LA photographer chases life, death of SD’s storms
By TODD EPP
Northern Plains News Service
They’re born, they live violent lives on the South Dakota prairie, and then they die.
A fine art photographer from Los Angeles captures their lives in black and white.
Mitch Dobrowner, 56, has been chronicling the “lives” of massive thunderstorm in the American West and Plains — including South Dakota for nearly five years.
Some of his South Dakota storm photographs — including a photo of a thunderstorm forming at Lake Poinsett — will be featured in his upcoming photo book, “Storms,” published by Aperture magazine.
He’s taken other dramatic photos near Green Grass, Timber Lake and Buffalo. Other upper Midwest or Plains states where he’s captured storms are Minnesota, North Dakota and Wyoming.
“The most interesting thing to me is that these storms are like the birth of a person and the death of a person,” Dobrowner said. “During a bright day, sunny, hot, humid day, they’re born, they can be violent, they mature into a form and then they die.”
The life span of the storm “person” can be brief, 15 minutes, or lengthy, 15 hours.
“It’s almost like capturing a portrait of a person,” Dobrowner said. “It’s never going to be that same picture again. There might be storms over that same location, but it will never look the same.”
The birth of the Lake Poinsett photo started in Rapid City on July 17, 2010. Dobrowner says he tries to map out the day to find where large storms are going to form, then follow them to their death.
“We probably had 15 minutes to get the shot,” Dobrowner said. “It was a storm where we actually had some time. Sometimes we have minutes. It’s rare to have 15 minutes.”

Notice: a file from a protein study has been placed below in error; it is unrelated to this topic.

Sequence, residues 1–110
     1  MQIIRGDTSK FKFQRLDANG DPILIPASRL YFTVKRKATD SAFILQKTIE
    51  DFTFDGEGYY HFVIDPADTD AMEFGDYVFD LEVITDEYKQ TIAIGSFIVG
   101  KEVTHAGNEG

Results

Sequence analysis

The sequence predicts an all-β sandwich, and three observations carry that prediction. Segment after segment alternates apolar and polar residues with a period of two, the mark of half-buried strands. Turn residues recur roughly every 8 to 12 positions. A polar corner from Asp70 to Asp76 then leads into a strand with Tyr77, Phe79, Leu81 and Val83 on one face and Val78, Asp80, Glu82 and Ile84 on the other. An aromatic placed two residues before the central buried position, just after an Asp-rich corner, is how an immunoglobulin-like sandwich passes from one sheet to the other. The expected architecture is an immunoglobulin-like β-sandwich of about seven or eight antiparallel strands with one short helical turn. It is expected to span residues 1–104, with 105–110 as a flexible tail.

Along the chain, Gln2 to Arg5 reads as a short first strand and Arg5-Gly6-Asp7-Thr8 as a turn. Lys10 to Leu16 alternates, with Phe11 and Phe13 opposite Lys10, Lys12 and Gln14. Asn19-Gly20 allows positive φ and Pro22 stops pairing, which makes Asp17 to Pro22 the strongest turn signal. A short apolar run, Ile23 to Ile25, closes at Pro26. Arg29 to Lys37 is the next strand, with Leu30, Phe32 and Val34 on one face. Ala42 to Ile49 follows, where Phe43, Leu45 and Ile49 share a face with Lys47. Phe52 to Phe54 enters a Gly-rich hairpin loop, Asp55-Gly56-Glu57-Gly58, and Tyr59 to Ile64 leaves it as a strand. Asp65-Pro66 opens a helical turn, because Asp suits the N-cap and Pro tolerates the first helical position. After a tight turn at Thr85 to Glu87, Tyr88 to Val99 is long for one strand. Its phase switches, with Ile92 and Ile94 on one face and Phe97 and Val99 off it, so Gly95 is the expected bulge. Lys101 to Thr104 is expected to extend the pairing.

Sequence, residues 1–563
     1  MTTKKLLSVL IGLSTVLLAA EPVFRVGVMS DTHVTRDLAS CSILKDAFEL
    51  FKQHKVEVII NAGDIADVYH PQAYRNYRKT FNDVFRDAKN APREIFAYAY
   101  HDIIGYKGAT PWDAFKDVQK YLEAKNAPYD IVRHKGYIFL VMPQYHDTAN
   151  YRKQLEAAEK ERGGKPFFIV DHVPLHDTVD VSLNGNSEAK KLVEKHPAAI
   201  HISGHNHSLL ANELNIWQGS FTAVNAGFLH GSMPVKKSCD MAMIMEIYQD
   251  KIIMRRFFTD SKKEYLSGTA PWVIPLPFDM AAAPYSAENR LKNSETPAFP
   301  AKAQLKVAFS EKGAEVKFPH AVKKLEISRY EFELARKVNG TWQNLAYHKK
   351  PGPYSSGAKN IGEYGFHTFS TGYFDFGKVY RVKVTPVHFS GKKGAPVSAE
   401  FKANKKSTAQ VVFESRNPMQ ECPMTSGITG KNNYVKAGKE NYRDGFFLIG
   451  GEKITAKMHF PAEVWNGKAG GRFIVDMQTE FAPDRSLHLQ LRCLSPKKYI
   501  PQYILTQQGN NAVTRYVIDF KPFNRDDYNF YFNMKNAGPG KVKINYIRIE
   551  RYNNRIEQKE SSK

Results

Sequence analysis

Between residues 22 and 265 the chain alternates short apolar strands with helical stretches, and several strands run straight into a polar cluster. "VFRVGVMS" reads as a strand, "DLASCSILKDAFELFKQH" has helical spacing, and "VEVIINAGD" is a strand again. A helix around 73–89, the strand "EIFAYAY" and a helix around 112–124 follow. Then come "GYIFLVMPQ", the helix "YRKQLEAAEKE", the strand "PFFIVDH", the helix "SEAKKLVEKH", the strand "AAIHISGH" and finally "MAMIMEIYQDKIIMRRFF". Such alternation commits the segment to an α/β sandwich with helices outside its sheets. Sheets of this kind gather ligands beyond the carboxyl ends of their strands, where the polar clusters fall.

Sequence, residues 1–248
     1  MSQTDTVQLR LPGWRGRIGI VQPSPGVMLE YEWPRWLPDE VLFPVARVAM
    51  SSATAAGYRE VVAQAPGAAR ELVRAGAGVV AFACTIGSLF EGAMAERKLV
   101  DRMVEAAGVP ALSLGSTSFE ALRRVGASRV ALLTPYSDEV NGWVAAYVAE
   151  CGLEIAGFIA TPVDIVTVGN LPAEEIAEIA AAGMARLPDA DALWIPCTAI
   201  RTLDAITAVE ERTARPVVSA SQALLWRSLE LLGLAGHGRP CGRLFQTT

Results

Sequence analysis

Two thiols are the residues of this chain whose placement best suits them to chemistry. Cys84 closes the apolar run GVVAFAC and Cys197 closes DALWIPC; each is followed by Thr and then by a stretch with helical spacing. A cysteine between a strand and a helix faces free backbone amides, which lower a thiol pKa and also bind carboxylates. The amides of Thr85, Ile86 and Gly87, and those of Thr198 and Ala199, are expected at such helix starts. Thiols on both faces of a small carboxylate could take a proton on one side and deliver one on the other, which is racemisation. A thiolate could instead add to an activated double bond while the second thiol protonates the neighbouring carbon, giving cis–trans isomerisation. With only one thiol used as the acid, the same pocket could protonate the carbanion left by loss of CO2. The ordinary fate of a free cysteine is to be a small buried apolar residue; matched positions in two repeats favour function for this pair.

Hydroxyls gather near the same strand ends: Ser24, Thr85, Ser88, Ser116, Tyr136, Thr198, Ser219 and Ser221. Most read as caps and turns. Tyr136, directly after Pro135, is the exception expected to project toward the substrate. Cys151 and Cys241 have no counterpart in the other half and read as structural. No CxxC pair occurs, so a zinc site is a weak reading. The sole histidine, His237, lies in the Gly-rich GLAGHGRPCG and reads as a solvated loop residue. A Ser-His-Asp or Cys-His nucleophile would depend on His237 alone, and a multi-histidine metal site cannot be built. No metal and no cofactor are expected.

The artist adds that he understands the danger, destruction and human misery the storms can cause. He says sometimes there’s a homestead in the photo that may get hit by the storm. And the Lake Poinsett storm was a close call.
“That storm almost dropped a tornado on our heads, but it was a totally beautiful storm,” Dobrowner said about the late afternoon storm.
Dobrowner also said capturing the Lake Poinsett shot and other storms is an exciting mix of photographic styles and methods.
“It was almost a hybrid of a landscape and a sporting event,” Dobrowner said. “That picture (at Lake Poinsett) existed for a few seconds and then the composition completely changed. I have to really stay focused.”
When talking to Dobrowner about photographing these storms, he uses the terms “surreal,” “awesome” and “other worldly.” But he also finds the experience deeply personal.
“I’ve chased a storm from Sturgis to the Badlands to Valentine,” Dobrowner said. “It was almost like a dream, life-changing. They are amazing, phenomenal things I’m in awe of.”
And that feeling is true for all his storm photos.
“Every (photo) I remember the experience,” Dobrowner said. “(The photographs) are like your children. It expresses how I felt. I can remember standing there and capture how I felt standing in front of that storm. It was a real event, a documentary, a portrait of the storm.”
After picking up his photography after about a 25-year hiatus in 2005, Dobrowner became interesting photographing storms. After traveling 50,000 to 60,000 miles chasing storms, he says fallen in love with South Dakota and the state’s residents.
“I thought if I had more years in my life, if I could be 25 again and have 50 years to live, I’d like to live in the Rapid City area,” Dobrowner said. “The diversity of the landscape — the Black Hills, the Badlands, the Plains, it’s some of my favorite area in the country.”
With Ansel Adams’ black and white photography books as his Bibles, his digital Canon 5D Mark II, the camera lens at the F8 “sweet spot” and always a tripod, Dobrowner is ready to capture the moment.